Waiting + Being Happy

When I first started my job as a Peace Corps Volunteer, I was just beginning to learn the Mongolian language while at the same time teaching English to doctors and nurses in our hospital. This, as you can imagine, was a lot of fun.

And by fun of course I mean hilarious and confusing. One particularly confusing verb for me to explain, because I didn't know the word in Mongolian, was "patience." Actually, this is embarrassing... I still don't know the word for patience in Mongolian.

I tried to explain the word to my class and the best thing I could come up with in Mongolian was "Baych bain, givch bayartai bain." Which is a horrible translation, but my students understood what I was trying to say, “It's like waiting, but still being happy."

I thought about it after class that day, and everyday since then I have loved that definition more and more. Mongolians are very patient people, probably the most patient people I have ever met. It's like they are born patient!

Whenever I see a Mongolian baby on an 11-hour bus ride in the countryside, they are like little Buddhas. It doesn't matter how little they are, they just sit calmly, look around, sometimes smile, sometimes laugh, sometimes drink, sometimes eat, but never cry, or whine, or complain, or act up, or get impatient.

Nope, the little Mongolian babies, the big Mongolian kids, the bigger Mongolian women, the really big Mongolian men and the saintly Mongolian grandfathers and grandmothers all sit quietly on the bus from the morning when we leave until night when we arrive. Once we arrive in town the cellphones pop out with “bainuu?” and “bain bain,” which is “Hello, yes I’m here”, but until then being inside the bus is like being inside a Buddhist monastery with everyone meditating.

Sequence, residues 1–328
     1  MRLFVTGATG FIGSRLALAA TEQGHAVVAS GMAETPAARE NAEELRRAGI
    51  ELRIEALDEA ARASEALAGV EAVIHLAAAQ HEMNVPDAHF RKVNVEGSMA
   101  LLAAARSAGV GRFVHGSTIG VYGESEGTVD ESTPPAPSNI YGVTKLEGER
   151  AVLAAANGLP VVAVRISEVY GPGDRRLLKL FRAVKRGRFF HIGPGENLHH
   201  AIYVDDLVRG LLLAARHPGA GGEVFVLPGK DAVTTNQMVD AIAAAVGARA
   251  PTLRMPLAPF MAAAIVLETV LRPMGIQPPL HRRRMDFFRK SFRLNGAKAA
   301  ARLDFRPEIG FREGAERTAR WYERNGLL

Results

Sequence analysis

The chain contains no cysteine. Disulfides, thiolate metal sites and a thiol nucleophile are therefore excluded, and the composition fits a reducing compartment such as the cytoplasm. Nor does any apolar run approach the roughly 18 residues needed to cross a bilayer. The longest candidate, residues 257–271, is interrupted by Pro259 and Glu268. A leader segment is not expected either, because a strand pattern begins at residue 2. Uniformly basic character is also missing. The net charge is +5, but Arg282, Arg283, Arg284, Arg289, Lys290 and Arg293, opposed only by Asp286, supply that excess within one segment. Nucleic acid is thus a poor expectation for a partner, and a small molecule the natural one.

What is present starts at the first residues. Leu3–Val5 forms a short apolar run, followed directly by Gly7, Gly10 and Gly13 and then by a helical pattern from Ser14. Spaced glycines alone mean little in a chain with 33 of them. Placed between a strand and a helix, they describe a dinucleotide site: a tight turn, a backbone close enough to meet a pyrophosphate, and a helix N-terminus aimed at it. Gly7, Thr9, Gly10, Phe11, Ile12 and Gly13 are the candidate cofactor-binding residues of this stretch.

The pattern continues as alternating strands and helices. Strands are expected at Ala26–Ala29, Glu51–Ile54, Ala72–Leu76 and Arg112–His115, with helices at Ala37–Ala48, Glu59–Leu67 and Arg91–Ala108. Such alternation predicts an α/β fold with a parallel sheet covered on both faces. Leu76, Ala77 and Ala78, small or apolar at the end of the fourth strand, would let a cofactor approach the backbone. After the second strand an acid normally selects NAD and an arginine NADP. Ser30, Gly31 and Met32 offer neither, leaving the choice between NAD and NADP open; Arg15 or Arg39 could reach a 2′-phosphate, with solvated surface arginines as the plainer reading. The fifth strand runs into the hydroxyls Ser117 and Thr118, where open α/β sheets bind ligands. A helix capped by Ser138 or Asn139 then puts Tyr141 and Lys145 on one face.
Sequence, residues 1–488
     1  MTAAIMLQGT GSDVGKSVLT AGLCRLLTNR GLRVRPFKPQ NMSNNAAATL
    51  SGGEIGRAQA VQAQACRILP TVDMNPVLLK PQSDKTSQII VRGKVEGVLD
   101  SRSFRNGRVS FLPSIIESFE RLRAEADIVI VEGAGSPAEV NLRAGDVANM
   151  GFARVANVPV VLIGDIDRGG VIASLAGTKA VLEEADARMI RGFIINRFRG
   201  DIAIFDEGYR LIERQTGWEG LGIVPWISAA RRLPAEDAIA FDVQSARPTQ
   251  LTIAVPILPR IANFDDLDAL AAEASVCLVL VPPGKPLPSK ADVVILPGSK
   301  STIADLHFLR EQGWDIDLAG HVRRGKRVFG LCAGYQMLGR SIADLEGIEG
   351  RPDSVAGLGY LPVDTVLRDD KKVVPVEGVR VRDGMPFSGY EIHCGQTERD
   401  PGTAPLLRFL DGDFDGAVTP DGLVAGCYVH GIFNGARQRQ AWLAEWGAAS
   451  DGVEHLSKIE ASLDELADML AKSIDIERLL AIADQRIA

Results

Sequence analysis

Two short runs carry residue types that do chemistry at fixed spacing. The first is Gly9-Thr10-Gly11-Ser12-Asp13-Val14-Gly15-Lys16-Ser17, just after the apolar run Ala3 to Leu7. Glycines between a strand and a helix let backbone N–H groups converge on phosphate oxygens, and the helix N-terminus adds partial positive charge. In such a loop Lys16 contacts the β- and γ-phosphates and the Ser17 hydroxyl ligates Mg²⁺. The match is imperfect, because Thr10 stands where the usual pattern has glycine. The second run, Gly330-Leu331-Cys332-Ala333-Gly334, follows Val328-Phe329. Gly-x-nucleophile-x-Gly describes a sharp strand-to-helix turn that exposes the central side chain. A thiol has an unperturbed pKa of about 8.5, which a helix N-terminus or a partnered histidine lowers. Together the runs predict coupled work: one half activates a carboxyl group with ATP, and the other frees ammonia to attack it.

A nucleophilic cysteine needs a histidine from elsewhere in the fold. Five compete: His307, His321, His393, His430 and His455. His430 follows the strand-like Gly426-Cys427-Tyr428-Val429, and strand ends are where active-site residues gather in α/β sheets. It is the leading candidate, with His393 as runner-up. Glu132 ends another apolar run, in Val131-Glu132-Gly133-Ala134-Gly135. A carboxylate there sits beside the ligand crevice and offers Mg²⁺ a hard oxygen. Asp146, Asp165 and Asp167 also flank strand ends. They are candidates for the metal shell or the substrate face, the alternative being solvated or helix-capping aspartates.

And of course, it goes beyond the buses - it's in everyday conversation. You can find it in words like zuger, margash, dara, za za which mean, loosely, it’s okay/don’t worry, tomorrow, later, and okay, okay.

If patience were an art form in Mongolia, life would be the canvas, "za" would the paintbrush and "zuger", "margaash" and "dara" would be the paint. Za, za, za. Actually... patience is an art form here.

Mongolians know that if something doesn't happen today, the world isn't going to end. And even if, as Mongolians say, "tomorrow never comes" then that's okay too.


Thank you Jen for the inspiration to share this. This is from my book Enough which you can read free here.